More disturbingly, many writers made use of arguments based upon the so-called "Three Conjectures", a syllogism that seemed to imply that the only logical response to a (presumed Muslim) terrorist attack using a nuclear device was massive nuslear response. The conjectures, which were apparently first posted on the internet by the pseudonymous "Wretchard", were simplistic and unconvincing (one should always be wary of syllogisms), but made for an excellent rhetorical tool for alarmist demagoguery.
The anti-islamists weren't the only people in the West who were adding fuel to the fire. Eager to defend the freedom of speech and of the press (and, less charitably viewed, also to promote themselves), many prominent persons in the cultural and political sphere spoke out in the media. In France, the magazine Charlie Hebdo published the caricatures again, on February 8 2006, along with other new caricatures. This was rightly interpreted by French President Jacques Chirac as an overt provocation.
The vast geographic span of Islam was highlighted by the fact that demonstrations were taking place as far away as Malaysia and Indonesia. On February 12, the Danish Foreign Ministry issued an advisory to Danes travelling in Indonesia, urging them to leave the country for their own safety.
On February 13, an Iranian newspaper, the Hamshahri Daily, began accepting submissions for a contest among its readers to "test Western free speech". Originally, the contest had been announced as calling for caricatures of the Holocaust, but this was later expanded to cover the limits of free speech in the West, in general. This contest was already a hot topic, because Flemming Rose, in interviews with CNN and the Danish TV2 on February 8 2006, had declared that Jyllands-Posten was ready to publish the results of the contest in its pages, as a demonstration of free speech. However, in doing so, he appears to have acted unilaterally, without the consent of the editor-in-chief, Carsten Juste. The offer certainly bears all the hallmarks of Rose's personal devotion to free speech. Shortly after the interviews, Juste disavowed Rose's plans, and the following day, Rose was sent off "on vacation".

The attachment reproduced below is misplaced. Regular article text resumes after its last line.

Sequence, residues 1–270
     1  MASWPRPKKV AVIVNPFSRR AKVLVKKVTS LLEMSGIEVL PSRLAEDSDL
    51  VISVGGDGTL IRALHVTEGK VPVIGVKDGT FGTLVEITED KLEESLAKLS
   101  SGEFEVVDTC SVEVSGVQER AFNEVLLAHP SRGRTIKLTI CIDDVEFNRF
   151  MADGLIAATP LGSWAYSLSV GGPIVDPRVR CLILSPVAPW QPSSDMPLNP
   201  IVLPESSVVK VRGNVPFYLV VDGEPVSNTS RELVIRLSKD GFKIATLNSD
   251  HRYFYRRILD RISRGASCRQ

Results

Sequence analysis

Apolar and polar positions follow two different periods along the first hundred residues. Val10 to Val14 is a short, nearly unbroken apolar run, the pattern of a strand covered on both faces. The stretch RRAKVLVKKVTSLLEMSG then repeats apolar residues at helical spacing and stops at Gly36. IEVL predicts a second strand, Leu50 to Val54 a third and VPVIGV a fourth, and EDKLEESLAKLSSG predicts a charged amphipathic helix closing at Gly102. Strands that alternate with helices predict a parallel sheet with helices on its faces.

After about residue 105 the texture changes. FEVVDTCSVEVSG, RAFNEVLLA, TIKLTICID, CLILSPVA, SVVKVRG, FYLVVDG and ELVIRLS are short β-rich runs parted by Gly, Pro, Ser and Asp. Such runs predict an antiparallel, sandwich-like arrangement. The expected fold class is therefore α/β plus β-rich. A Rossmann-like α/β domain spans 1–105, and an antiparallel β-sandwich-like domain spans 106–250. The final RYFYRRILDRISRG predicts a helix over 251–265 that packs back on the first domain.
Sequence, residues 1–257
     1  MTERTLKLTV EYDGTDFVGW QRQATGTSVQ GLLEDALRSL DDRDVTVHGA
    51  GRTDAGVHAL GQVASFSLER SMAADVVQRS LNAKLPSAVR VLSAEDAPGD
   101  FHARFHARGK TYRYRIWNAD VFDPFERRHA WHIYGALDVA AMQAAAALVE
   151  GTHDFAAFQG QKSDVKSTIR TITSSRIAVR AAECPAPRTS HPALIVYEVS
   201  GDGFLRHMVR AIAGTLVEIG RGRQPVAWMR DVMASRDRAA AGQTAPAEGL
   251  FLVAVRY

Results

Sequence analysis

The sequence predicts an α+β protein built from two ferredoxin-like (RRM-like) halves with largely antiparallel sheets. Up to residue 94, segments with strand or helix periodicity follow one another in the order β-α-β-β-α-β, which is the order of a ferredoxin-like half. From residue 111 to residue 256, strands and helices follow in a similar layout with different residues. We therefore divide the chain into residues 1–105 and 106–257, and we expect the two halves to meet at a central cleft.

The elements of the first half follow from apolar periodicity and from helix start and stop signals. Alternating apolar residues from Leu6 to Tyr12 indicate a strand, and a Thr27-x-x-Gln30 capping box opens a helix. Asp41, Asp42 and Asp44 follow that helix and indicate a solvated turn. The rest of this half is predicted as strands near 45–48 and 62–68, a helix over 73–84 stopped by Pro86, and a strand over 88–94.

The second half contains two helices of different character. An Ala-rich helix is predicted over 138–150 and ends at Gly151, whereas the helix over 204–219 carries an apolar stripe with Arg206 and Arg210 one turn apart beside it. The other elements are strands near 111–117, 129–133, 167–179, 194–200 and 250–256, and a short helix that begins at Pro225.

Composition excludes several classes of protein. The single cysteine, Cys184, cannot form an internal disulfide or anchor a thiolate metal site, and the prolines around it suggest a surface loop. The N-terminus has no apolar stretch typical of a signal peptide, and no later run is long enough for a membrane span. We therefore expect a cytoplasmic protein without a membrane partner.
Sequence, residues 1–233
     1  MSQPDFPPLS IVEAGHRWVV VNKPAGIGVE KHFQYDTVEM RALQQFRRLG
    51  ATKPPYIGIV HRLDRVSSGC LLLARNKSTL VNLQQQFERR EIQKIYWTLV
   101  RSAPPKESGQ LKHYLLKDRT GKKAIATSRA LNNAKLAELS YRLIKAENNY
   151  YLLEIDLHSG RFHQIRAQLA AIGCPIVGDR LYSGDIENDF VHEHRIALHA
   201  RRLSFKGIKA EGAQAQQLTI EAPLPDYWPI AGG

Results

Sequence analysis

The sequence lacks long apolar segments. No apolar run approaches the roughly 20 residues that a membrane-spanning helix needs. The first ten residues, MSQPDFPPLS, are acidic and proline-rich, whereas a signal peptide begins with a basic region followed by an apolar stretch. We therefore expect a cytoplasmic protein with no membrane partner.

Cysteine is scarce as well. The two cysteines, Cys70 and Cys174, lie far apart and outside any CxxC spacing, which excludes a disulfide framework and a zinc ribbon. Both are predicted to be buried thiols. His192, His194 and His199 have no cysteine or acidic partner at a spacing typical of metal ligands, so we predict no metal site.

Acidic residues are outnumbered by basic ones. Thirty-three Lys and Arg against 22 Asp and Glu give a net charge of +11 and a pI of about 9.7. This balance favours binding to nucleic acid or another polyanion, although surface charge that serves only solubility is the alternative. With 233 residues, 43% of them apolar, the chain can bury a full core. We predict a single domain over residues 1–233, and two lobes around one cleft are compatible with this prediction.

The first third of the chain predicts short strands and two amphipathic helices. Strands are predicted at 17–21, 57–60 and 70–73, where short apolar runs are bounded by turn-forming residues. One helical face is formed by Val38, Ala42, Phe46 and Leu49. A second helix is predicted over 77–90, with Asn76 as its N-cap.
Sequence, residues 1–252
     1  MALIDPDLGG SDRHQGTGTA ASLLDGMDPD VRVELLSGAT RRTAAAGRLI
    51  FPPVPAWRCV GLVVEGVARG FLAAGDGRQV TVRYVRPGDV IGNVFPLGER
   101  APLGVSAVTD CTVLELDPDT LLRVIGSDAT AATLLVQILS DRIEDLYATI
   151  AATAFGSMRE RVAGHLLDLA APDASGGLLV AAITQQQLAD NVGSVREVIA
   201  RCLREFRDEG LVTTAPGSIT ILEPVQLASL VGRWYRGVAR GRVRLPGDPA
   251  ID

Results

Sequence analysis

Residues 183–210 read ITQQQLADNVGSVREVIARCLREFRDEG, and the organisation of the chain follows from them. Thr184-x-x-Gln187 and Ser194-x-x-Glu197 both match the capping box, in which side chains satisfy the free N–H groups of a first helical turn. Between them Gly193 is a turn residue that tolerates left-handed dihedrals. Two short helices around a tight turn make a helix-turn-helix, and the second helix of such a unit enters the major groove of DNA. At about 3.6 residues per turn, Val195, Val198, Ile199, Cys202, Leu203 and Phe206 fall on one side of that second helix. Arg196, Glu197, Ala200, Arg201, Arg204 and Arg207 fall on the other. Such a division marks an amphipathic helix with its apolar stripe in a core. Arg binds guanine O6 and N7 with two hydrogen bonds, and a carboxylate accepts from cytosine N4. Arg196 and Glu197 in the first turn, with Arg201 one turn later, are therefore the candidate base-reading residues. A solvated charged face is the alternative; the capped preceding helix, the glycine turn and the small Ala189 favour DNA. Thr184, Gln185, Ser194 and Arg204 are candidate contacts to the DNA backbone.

It may be conjectured that Juste's reaction provided evidence that there were limits to what could be printed in a Danish paper -- that caricatures of the Holocaust fell into a separate and inadmissible category. It may also be conjectured that it proved that the Muhammad caricatures were acceptable only because they were anti-Islamic. Whether these conjectures are true, is open to interpretation. Certainly, they contain at least an element of truth. However, Juste's actions in reining in Rose could reasonably be viewed as an attempt to put an end to the crisis by avoiding further provocations of any kind -- a sensible act on the part of the beleaguered newspaper editor.
At any rate, mid-February saw a gradual escalation of the crisis, with an added twist. Danish travel agencies refunded millions of kroner worth of cancelled vacations to Islamic countries. Hardest hit were Turkey, Indonesia, Algeria and Tunisia. Although there may have been an element of boycott to these cancellations, the overwhelming reason was, of course, fear. Nor were Danes the only nationalities to reduce tourist activities in Muslim countries. Other European nations reported similar effects, to a lesser degree.
At present, there is no way of estimating the losses in revenue to the tourist industry in the Islamic countries, but it has to be considerably more than the effect of the boycott on Danish goods. Economically speaking, the crisis was bad for business, on both sides.
(Continued in part 6)